I’ve been a fan of mindfulness for some time. Mindfulness involves the practice of being in the moment and not allowing the past or the future to take over your brain.
Mindfulness is an Eastern principle that deals with a heightened awareness of how we interact with our environment and how we interact with others. When you are mindful, you are giving 100% attention to whoever you are speaking with or the situation at hand. I sometimes teach mindfulness in my executive coaching practice since it builds emotional and social intelligence.
Sean Carey, CEO of HD Interactive (hdinteractive.com), participates in a CEO Roundtable that I facilitate. Sean recently attended one of the Google sponsored workshops on mindfulness developed by Chade-Meng Tan. These workshops also culminated in the best-selling book, Search Inside Yourself. When asked about the benefits of mindfulness, Sean commented: “The breathing and meditation you learn to stay mindful, was a big deal for me. I realized that I hold my breath a lot which can make you anxious. Being mindful in a conversation gives me complete focus. You can use the time gained to put yourself in the other person’s shoes and better present information from their frame of reference.”
Wow, I thought – one of the basic building blocks of teaching others empathy (an emotional intelligence competency) is to put yourself in the other person’s place and stay open to what they are saying. Sean figured out that he could use the extra time usually taken up by letting his mind wander and take it into a positive direction by genuinely listening to the other person and understanding where they are coming from first. A person can listen about 4-6 times faster than another speaks so there’s lag time. You can stay mindful and focus on the dialogue or you can let your mind stray. People talking with you can tell the difference. As Sean says, “I like to multi-task too, but when you are speaking with others, they deserve the attention. If you don’t, your relationship suffers.”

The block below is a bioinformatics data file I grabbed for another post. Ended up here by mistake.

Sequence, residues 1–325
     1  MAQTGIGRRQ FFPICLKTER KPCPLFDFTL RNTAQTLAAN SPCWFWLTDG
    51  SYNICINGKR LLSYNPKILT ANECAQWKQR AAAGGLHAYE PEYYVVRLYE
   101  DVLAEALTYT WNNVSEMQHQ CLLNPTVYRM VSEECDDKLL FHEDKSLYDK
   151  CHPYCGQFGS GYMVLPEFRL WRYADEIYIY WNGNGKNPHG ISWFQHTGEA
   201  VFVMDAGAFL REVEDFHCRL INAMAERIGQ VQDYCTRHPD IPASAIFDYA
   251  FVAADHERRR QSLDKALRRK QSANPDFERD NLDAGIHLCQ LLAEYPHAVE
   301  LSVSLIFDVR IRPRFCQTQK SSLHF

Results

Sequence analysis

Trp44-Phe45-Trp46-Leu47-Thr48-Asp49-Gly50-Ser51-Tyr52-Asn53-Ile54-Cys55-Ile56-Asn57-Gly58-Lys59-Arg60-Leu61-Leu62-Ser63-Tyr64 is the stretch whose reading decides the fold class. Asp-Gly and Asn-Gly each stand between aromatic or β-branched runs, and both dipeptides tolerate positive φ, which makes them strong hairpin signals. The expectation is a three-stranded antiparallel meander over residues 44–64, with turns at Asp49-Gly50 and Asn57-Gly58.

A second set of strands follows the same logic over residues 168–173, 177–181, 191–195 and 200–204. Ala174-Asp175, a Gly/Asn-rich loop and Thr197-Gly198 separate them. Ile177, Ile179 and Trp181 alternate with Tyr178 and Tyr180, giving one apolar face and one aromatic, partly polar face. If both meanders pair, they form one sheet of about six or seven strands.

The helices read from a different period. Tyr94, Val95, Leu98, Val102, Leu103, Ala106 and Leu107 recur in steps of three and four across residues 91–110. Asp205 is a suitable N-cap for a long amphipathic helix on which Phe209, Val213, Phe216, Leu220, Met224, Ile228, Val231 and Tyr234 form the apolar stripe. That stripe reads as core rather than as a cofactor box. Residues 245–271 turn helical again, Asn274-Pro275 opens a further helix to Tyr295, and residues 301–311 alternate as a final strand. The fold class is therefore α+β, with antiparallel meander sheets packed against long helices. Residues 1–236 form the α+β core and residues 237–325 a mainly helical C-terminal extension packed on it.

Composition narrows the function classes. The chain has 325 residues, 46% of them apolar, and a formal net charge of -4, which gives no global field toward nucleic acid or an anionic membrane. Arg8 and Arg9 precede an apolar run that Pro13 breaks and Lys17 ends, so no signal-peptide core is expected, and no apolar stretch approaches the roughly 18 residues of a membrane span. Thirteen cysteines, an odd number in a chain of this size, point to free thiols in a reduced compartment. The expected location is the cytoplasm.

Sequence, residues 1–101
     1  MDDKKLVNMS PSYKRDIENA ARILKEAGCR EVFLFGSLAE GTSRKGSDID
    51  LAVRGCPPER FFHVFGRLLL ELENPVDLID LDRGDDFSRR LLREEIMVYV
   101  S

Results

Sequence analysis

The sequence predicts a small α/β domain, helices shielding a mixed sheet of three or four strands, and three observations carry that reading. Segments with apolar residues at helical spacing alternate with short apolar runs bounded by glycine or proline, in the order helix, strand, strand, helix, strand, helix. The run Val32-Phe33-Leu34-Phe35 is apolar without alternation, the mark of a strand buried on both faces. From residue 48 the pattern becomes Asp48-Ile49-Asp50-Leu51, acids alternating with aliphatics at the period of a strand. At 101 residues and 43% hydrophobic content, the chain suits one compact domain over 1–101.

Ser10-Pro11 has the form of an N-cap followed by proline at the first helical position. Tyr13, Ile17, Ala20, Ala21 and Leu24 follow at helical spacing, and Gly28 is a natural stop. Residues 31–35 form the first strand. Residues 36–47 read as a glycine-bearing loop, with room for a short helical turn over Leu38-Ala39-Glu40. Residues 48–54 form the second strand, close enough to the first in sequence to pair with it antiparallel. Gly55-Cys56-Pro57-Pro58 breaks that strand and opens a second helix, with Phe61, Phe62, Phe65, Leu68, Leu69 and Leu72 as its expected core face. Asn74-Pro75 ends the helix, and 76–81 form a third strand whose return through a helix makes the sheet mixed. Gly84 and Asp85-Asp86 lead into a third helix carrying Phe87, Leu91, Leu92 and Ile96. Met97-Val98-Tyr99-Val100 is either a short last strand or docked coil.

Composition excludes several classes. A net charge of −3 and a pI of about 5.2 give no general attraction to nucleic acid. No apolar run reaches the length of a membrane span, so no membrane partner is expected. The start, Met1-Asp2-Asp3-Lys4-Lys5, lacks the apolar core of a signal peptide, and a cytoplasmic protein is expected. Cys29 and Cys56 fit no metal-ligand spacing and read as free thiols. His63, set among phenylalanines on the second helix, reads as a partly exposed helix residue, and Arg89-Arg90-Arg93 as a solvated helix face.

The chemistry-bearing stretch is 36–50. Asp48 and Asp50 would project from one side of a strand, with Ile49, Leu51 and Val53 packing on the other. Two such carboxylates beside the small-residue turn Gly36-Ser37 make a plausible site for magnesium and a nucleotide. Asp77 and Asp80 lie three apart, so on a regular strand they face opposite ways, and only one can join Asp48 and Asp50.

Staying a mindful leader can be a daunting challenge. With competing demands and doing more with less in the fast-paced, multitasking culture we live in, even thinking about being mindful is difficult. Yet, when I’ve conducted organizational assessments and interviewed hundreds of employees about who are the best leaders and why, consistently they single out certain managers as excellent leaders because they “make the time,” “listen to what I’m saying – really listen,” and “they make me feel like at that moment, what I have to say is the most important thing to them.”
Sean shared a technique he learned in the training that helps him a lot to practice mindful leadership as the CEO of a fast paced company; it’s the SBNRR approach: Stop, Breathe, Notice, Reflect and Respond. “When I find negative things going on or if I’m stressed, I use this simple process a lot,” he states. “You don’t have to make this stuff complicated.
Do you practice mindfulness? What works for you? Learn the key to mindful leadership in your organization by joining the Key Associates Twitter #LeadershipChat on October 26th at 1:30PM EST.
For more information on how to get from where you are to where you want to be, schedule a free consultation with Dr. Key.